Employed but Homeless: The New Face of NYC’s Housing Crisis

Cordelia Henkis, a resident of one of Win’s shelters in Brooklyn. (Photo by Mariela Lombard via El Diario)

Cordelia Henkis wakes her three youngest children up before dawn, prepares breakfast, packs lunches for them and helps them gather their school supplies. In record time, she puts on her work uniform, throws on the ID card neck strap where she also keeps her MetroCard, and says goodbye to her kids.

She does not talk to her neighbors. All she says is “good morning” if she bumps into anyone in the hallway. Her mind, she says, has no time to deal with other things. Her only goal: to achieve enough financial stability to have her own home.

For the last nine months Henkis, 47, has lived with her three youngest children in a small room in a shelter owned by Win [formerly Women in Need], one of the organizations providing a roof and housing support to families in New York City.

“I came here a year ago from Belize because my husband, who was an army veteran, died two years ago and the social security office told me that the only way to have access to his pension was by moving here, so I did,” said the mother of five, who currently works part-time as a home care assistant. “I was living with relatives at first, but I just couldn’t do it anymore and we were practically left on the street.”

The helping hand of a Win social worker “made her soul return to her body,” as Henkis said. Desperate because she had no home to give her children, she turned to the organization, where they immediately placed her in one of their 10 family shelters located across Manhattan, the Bronx, Brooklyn and Queens.

Henkis has not lost hope in finding her “dream place.” Still, even though she has a $1,553 voucher from CITYFEPS – the rental assistance program helping families with children at risk of entering or already in shelters find a safe, permanent home – she cannot find affordable housing options.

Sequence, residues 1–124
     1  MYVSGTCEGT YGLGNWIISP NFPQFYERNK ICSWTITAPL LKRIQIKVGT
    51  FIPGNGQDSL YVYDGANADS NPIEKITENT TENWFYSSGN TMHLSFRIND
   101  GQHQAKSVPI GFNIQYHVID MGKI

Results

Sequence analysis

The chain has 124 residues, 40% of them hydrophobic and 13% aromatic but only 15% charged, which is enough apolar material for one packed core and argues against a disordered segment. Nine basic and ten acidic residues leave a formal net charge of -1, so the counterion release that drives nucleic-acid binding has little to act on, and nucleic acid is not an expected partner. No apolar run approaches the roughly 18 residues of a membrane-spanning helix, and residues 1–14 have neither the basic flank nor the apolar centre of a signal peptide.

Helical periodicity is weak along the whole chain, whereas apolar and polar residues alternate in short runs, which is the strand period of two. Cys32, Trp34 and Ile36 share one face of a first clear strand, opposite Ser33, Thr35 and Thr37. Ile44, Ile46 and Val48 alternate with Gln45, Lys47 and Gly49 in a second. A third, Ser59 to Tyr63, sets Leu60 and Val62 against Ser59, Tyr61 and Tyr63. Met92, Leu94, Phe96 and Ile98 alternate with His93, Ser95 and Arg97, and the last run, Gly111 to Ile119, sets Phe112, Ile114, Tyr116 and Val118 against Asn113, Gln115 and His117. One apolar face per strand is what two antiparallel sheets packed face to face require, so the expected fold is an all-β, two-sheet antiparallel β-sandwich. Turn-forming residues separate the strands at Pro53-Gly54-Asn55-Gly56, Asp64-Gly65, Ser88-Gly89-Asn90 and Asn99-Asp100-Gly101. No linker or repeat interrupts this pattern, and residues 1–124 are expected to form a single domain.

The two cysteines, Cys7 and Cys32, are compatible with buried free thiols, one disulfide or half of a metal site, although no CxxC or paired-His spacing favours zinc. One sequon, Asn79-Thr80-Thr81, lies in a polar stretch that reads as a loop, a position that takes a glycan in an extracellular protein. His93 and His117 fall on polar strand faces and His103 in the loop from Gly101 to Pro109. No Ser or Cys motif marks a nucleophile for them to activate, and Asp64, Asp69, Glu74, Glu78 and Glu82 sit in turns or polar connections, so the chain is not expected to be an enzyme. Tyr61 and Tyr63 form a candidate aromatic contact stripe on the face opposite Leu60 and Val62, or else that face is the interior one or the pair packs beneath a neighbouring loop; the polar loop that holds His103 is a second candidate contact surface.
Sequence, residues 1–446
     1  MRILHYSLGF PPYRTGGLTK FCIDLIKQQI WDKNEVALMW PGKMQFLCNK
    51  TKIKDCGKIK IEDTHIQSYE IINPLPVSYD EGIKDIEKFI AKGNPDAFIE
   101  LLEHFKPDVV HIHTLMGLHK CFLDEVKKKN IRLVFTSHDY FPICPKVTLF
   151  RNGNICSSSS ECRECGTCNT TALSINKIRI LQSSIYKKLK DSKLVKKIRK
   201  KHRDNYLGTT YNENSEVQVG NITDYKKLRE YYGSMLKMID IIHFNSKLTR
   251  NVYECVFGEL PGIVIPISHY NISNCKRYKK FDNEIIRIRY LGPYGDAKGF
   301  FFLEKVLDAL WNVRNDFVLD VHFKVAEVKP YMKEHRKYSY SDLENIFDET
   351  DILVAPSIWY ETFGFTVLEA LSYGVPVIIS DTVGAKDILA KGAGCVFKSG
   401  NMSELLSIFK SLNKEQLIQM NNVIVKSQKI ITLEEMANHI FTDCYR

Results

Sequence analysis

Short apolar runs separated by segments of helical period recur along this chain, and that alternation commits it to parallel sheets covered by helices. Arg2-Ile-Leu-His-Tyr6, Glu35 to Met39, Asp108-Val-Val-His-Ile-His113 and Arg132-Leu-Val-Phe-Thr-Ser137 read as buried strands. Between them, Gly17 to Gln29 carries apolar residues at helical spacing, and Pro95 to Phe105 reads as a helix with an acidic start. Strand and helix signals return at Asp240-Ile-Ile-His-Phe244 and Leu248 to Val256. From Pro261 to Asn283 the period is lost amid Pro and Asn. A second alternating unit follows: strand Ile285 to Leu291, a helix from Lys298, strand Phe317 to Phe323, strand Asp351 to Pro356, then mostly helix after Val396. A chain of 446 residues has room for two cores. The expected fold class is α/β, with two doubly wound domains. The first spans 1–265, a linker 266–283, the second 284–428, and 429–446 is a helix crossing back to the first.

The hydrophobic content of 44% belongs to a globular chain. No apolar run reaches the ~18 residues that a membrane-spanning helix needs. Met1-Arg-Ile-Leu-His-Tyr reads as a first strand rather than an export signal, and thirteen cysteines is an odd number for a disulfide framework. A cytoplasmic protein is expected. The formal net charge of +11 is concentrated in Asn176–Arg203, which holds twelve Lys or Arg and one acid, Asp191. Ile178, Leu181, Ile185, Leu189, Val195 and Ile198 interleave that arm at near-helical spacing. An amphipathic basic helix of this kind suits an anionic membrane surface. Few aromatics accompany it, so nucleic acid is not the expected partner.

Henkis has searched tirelessly for the last four months, but she said that she has been unable to find an apartment large enough for her and her family for that price. Landlords have told her that she could only find a studio for that price, which they would still be unable to rent to a family of four like hers.

“The voucher is not enough to pay the rent of an apartment for four people. I have looked for four months in Queens, Brooklyn and Manhattan, and the voucher does not even come close to covering the price of the apartment my family and I would need,” said Henkis.

Henkis is not the only person who must resort to sleeping in a shelter despite having a stable job. María Álvarez, who lives in the same Brooklyn shelter, has a similar situation.

Álvarez, 41, lives with her 10-year-old son and his father. She splits her time between two part-time jobs: one as a home care assistant and the other at the Women in Prison Project.

She moved there exactly a year ago after living in two other shelters. Following a failed attempt to move to Florida with her family, she had returned to New York. However, the challenge of finding stability has taken a long time to conquer. In 2017, she received news that her son, who is in a wheelchair, had been diagnosed with muscular dystrophy (…).

Like Henkis, Álvarez has a $1,557 CITYFEPS voucher but has been unable to find a home in five months.

“It has been truly challenging to find an apartment that meets my child’s needs,” she lamented. “Many families end up in unstable life situations when they leave the shelter and are forced to come back. I do not want that to happen to us.”

Win President and Executive Director Christine C. Quinn said that the profile of the homeless has changed. Her organization has helped nearly 10,000 homeless people, including 5,400 children, and more than 740 families find a home in the last year alone.

“The true center of this crisis are the families. The current profile of homeless people is a mother with small children, families who cannot cover their expenses despite having a stable income,” said Quinn. “I give credit to the actions the city has been carrying out in the last few years, but decades passed before it did something about these families.”

The director added that the traditional image of the homeless as a person begging on the street is far from Henkis and Álvarez’s reality. They belong to a group of nearly 60,000 homeless people who sleep in shelters every night.

According to the city’s Department of Homeless Services (DHS), 70 percent of them are families, of which more than a third includes an employed adult, and most of them are headed by a single mother. The department believes that the problem is due to stagnant wages that do not increase to match rent prices.

Quinn said that a significant aspect of the issue is the trauma of being homeless. For that reason, her organization is focusing its efforts on not just giving them shelter but working directly with each adult and minor, as well as with every family unit, to minimize the effects of the experience.

“If we do not start managing the trauma the child has endured, they will carry that trauma with them all their lives. That is why these children are more likely to live in a shelter as adults,” explained Quinn.

(…)

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